- Mar 05 2018
The much-hyped Cabinet reshuffle, effected by Prime Minister Ranil Wickremesinghe, has fallen flat even before he might have conceived the specific changes. Other than delaying, if not outright denying Law & Order portfolio to controversial former Army chief, Field Marshal Sarath Fonseka, and Prime Minister himself retaining it, almost for the very same reason, it has not achieved anything – least of all the kind of cohesion that is required for the nation to shake of the current state of political instability and economic morass.
There is no denying that the Government seems to have taken some serious view of at least one thing, however political and however uncertain the results. If only to contain the visibly growing electoral influence of former President Mahinda Rajapaksa’s SLPP, the ruling SLFP-UNP combine seems to have buried their poll-time hatchet, at least for now. By constituting a Cabinet committee to look into/after frauds and corruption, the twin leadership, which includes President Maithiripala Sirisena, has send out a clear message that in the name of upholding Mandate-2015, they will try to ‘fix’ the Rajapaksas, politically and electorally, and through legal and judicial means, possibly faster than thus far.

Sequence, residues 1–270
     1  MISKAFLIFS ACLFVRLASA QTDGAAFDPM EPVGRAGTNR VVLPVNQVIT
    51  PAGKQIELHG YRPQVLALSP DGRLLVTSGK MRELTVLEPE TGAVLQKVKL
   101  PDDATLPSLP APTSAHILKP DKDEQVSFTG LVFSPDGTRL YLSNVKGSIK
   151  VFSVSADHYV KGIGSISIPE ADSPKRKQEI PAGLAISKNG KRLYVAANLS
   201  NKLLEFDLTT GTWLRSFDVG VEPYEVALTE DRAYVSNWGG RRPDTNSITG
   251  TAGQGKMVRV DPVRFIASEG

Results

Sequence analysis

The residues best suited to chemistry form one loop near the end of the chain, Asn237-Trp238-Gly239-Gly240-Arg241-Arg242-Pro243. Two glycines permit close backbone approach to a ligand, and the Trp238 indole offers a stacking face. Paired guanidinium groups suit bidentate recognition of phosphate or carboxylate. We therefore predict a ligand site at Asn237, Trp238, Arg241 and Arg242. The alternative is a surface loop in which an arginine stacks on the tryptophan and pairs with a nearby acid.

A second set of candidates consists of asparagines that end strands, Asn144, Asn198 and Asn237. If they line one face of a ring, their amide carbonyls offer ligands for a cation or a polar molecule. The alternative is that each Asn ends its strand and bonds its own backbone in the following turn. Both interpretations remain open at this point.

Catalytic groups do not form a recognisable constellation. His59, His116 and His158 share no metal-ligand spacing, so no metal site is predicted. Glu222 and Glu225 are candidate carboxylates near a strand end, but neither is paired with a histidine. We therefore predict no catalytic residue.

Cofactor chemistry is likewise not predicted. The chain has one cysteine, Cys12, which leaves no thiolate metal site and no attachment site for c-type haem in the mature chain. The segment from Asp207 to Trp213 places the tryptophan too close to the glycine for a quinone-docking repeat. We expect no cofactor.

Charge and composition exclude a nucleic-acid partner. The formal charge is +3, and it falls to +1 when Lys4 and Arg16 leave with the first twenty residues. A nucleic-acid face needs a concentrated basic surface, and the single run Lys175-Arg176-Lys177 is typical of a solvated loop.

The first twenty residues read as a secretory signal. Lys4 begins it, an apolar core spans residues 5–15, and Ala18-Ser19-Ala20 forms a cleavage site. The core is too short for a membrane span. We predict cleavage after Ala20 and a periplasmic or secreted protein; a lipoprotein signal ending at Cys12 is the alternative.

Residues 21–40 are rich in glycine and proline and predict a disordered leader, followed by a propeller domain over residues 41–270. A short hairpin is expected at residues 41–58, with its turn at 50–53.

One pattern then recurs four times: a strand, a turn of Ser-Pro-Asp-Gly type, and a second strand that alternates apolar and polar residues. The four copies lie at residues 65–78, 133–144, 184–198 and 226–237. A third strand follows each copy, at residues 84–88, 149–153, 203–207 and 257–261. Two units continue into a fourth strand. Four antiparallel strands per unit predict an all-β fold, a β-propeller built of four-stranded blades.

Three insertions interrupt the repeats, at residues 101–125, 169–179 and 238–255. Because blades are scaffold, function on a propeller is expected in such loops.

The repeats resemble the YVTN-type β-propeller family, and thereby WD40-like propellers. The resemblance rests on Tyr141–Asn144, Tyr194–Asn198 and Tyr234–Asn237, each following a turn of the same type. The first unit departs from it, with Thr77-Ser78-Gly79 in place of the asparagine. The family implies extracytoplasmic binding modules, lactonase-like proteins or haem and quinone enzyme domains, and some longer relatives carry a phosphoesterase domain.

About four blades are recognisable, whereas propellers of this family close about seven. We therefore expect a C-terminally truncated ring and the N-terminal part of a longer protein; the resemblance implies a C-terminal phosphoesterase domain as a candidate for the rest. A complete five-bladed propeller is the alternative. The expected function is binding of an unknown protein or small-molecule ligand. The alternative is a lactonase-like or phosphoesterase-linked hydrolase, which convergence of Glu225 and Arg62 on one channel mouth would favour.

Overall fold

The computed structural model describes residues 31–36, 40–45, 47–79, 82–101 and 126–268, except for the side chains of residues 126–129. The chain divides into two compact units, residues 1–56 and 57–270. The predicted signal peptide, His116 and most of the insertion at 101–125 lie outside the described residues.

It is unclear if the constitution of such a committee is ahead of handing over the L&O portfolio to Fonseka, or is a substitute for the same. Either way, the nation seems to have moved far away from expecting the incumbent government to go after the corrupt from the past regime. If nothing else, a day after the Cabinet changes and committee-formation, a Colombo court was told that controversial former ex-Central Bank Governor Arjun Mahendran was not in his Singapore home, as believed.
Mahendran was a creation of the present Government, and he created the infamous, multi-billion bonds scam, which had commenced within weeks of the new Government taking over in January 2015. If sacked UNP Finance Minister Ravi Karunanayake too says that the Cabinet reshuffle is a ‘joke’, it may also be a message to the new ministerial panel on fraud, to look deeper than the Presidential Commission and the Parliamentary Committee on the subject have done already.
Chip of the old block
The same cannot be said of younger and junior minister, Wasantha Senanayake, a chip of the old block in the larger UNP family, where his forebears had founded the Sri Lankan nation, when it was still Ceylon and also guided its fortunes and misfortunes early on. There are then others, like junior minister Range Bandara, who has said that some of them would move a no-trust motion against Ranil if he did not change the party structure. He has not said if ‘they’ (?) would seek Ranil’s replacement as Prime Minister or as party chief, or both.